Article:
What Does Jonah 1:3 Mean?

But Jonah rose up to flee to Tarshish from the presence of the LORD So he went down to Joppa, found a ship which was going to Tarshish, paid the fare and went down into it to go with them to Tarshish from the presence of the LORD.

Jonah 1:3(NASB)

Verse of the Day

Jonah was chosen by God to be a missionary to the Gentiles. Unlike the majority of Israelite prophets who called the nation to repentance and proclaimed God's great love and faithfulness towards His chosen people, Jonah's message was a warning to pagan Gentiles to turn from their false gods and trust in the true God of heaven and earth Who demonstrates His great heart of compassion, mercy, and grace, for ALL people.

Jonah was a prophet who came from Galilee and lived in a town near Nazareth, the hometown of Christ's childhood. We do not know how or when the Word of the Lord came to Jonah, but he was called by God and commissioned to rise up and go to the great city of Nineveh and preach against its ungodly behaviour, for their wickedness of the city had come up before the Lord.

Nineveh was the most highly populated city of antiquity which indulged in luxuries and boasted of its fine architecture. The inhabitants of Nineveh were pagan worshippers of lifeless idols and false deities. He did not like his assignment and so: "Jonah rose up to flee to Tarshish from the presence of the Lord."

We discover later in the book, that Jonah objected to the Lord's demonstration of mercy and grace towards the Gentiles. He did not approve of God's mercy being extended towards these pagans and so he decided to run away: "Jonah went down to Joppa and found a ship which was going to Tarshish. He paid his fare and went down into the vessel with the rest of the crew, away from the presence of the Lord."

Instead of obeying the Word of the Lord, Jonah chose to run away from God's presence, and he boarded a vessel that was bound for a place far away from Nineveh! Israel were supposed to be a light to the Gentiles and God's eternal purpose was to save all people, not only Israel. It is God's will that ALL men are saved and that all come to repentance. In His wisdom, He purposed that salvation would be fulfilled through the Jewish nation who were given the Law, the Prophets, the Psalms, the covenants, and the promises, and through whom the Messiah of Israel and Saviour of the world was to come.

Jonah is the only person in the Old Testament that refused to obey God's Word and attempted to run away from His God-ordained mission. Indeed, he ran in the opposite direction. Instead of going to Nineveh in the east, he boarded a ship bound for faraway ports in the west. Jonah ran away to escape God's call on his life. Whether he pretended not to hear God's instruction, deluded himself that the ship he boarded was God's provision to use him elsewhere, or whether he displayed open rebellion against the Word of the Lord, Jonah disobeyed his God and, in so doing, he sinned.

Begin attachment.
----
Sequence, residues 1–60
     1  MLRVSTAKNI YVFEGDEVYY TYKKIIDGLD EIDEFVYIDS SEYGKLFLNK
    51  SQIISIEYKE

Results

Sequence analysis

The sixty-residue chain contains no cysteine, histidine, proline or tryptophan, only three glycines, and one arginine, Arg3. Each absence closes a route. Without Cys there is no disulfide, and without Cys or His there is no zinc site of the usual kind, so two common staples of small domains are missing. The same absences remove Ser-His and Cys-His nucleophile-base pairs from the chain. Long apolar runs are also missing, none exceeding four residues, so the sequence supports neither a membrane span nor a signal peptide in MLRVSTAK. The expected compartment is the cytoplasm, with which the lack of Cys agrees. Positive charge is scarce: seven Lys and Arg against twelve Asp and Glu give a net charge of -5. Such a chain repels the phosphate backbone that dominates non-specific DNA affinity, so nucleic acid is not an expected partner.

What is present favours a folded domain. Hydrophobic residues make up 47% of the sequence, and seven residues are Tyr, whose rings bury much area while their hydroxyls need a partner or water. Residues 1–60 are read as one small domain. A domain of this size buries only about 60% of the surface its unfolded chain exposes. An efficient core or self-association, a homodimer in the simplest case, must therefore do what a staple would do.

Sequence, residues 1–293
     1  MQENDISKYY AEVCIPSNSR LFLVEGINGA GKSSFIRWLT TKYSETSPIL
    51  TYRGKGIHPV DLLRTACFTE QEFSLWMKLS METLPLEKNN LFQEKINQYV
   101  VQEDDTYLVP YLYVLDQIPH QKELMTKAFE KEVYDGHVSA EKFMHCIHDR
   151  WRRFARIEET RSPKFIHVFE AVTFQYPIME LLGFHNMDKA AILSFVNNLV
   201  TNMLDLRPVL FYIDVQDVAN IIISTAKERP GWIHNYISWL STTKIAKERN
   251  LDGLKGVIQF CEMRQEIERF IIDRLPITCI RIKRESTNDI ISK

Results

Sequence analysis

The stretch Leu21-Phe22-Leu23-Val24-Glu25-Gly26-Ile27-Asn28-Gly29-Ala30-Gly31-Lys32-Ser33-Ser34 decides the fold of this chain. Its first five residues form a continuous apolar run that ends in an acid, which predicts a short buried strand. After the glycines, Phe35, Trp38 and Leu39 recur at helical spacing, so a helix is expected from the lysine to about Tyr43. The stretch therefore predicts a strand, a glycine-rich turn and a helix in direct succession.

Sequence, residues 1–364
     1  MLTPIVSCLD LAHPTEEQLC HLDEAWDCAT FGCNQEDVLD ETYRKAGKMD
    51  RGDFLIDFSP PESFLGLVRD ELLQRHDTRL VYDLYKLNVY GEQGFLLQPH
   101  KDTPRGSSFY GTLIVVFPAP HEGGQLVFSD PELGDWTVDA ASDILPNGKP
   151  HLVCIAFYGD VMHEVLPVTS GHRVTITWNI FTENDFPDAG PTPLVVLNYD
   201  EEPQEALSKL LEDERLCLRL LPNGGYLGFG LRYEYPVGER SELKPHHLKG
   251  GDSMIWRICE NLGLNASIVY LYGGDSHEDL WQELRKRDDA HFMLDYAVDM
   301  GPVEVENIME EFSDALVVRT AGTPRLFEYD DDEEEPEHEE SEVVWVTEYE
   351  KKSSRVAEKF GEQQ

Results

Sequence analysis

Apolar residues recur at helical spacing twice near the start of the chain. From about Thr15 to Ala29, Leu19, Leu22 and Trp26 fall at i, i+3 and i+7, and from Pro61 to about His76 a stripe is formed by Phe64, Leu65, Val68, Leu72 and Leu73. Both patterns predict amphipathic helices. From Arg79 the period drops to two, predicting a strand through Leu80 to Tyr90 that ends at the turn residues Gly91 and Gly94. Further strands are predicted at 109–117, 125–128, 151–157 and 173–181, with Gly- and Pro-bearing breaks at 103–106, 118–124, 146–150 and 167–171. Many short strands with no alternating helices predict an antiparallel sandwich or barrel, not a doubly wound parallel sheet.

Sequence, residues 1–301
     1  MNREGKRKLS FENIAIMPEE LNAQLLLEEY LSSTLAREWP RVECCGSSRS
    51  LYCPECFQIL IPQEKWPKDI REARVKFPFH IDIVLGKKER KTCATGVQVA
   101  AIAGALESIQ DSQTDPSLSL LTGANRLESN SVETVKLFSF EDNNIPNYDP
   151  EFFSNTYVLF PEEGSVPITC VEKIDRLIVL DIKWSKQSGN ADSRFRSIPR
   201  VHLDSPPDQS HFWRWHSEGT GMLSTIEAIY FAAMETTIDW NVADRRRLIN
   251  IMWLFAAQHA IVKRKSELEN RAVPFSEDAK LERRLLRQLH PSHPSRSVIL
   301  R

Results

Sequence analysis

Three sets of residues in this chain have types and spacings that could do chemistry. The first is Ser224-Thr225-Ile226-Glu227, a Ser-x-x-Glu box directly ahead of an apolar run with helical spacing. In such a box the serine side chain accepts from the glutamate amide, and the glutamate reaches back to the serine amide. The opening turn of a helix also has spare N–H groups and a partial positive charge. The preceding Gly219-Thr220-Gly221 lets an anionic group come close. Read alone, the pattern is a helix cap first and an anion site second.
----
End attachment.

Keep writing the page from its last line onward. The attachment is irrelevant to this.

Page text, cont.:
Instead of getting up and setting off towards Nineveh to carry out the Word of the Lord, we see that his actions caused Jonah to dig himself deeper and deeper into sin, selfishness, and defiance against God's clear call. 

It may seem astonishing to us that Jonah could rebel so brazenly against the Lord, and yet, when the microscope of truth is pointing in our own direction, we need to consider if there are times that we have acted like Jonah! We need to challenge our own reaction to God's call on our life and ask if we have ever closed our ears to His clear call, refused to carry out His perfect will for our life, or pretended that God was giving some alternative instruction that was more to our liking!

Although the story of Jonah is a peep into one prophet's commission which demonstrates God's grace and mercy towards all people, and that His sovereign purpose will always come to completion, it also contains many lessons for Christians today.

The story of the prophet who tried to flee from God may give us an interesting glance into the history of one of the oldest cities of antiquity, but it should also cause us to consider our own position. Are we are ready and willing to hear and obey God's call on our life, or are we like Jonah, trying to manipulate the clear teaching of Scripture to fit in with our own preferred plans and purposes. May we always be ready and willing to say, "Thy will, not mine be done."

My Prayer

Heavenly Father, I fear I am too ready and willing to criticise the behaviour of people like Jonah, who tried to circumnavigate Your Word in order to escape carrying out Your plans and purposes. Forgive me for the times I have turned a deaf ear to Your call, or a blind eye to Your Word of truth. Help me to be ready and willing to go where You would send me, to do what You would tell me to do, and to develop a Christ-like heart of compassion for souls that are lost and bound for eternal separation from You. I pray that many would hear the truth and turn from their sin to faith in Christ’s finished work on Calvary. Help me to be alert to the promptings of the Holy Spirit in my life and to be ready and willing to do only those things that come from You. I ask this in Jesus' name, AMEN.

Choose a Verse from Jonah 1

  • 1234567891011121314151617